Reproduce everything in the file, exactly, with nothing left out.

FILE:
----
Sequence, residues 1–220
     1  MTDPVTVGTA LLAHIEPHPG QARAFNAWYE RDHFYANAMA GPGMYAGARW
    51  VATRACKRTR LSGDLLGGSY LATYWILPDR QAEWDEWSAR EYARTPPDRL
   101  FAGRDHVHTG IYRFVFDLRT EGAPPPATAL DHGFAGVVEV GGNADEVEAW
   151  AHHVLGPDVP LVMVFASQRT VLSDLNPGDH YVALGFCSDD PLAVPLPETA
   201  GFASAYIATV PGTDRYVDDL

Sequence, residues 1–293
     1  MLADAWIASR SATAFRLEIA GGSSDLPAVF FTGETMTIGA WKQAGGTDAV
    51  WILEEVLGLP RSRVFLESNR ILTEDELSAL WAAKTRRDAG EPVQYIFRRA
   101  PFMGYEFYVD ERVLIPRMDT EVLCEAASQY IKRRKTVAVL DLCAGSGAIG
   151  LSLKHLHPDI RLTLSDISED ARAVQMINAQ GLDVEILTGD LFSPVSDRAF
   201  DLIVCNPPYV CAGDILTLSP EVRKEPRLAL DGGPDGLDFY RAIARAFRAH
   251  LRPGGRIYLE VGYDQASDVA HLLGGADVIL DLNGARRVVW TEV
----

Sequence, residues 1–220
     1  MTDPVTVGTA LLAHIEPHPG QARAFNAWYE RDHFYANAMA GPGMYAGARW
    51  VATRACKRTR LSGDLLGGSY LATYWILPDR QAEWDEWSAR EYARTPPDRL
   101  FAGRDHVHTG IYRFVFDLRT EGAPPPATAL DHGFAGVVEV GGNADEVEAW
   151  AHHVLGPDVP LVMVFASQRT VLSDLNPGDH YVALGFCSDD PLAVPLPETA
   201  GFASAYIATV PGTDRYVDDL

Sequence, residues 1–293
     1  MLADAWIASR SATAFRLEIA GGSSDLPAVF FTGETMTIGA WKQAGGTDAV
    51  WILEEVLGLP RSRVFLESNR ILTEDELSAL WAAKTRRDAG EPVQYIFRRA
   101  PFMGYEFYVD ERVLIPRMDT EVLCEAASQY IKRRKTVAVL DLCAGSGAIG
   151  LSLKHLHPDI RLTLSDISED ARAVQMINAQ GLDVEILTGD LFSPVSDRAF
   201  DLIVCNPPYV CAGDILTLSP EVRKEPRLAL DGGPDGLDFY RAIARAFRAH
   251  LRPGGRIYLE VGYDQASDVA HLLGGADVIL DLNGARRVVW TEV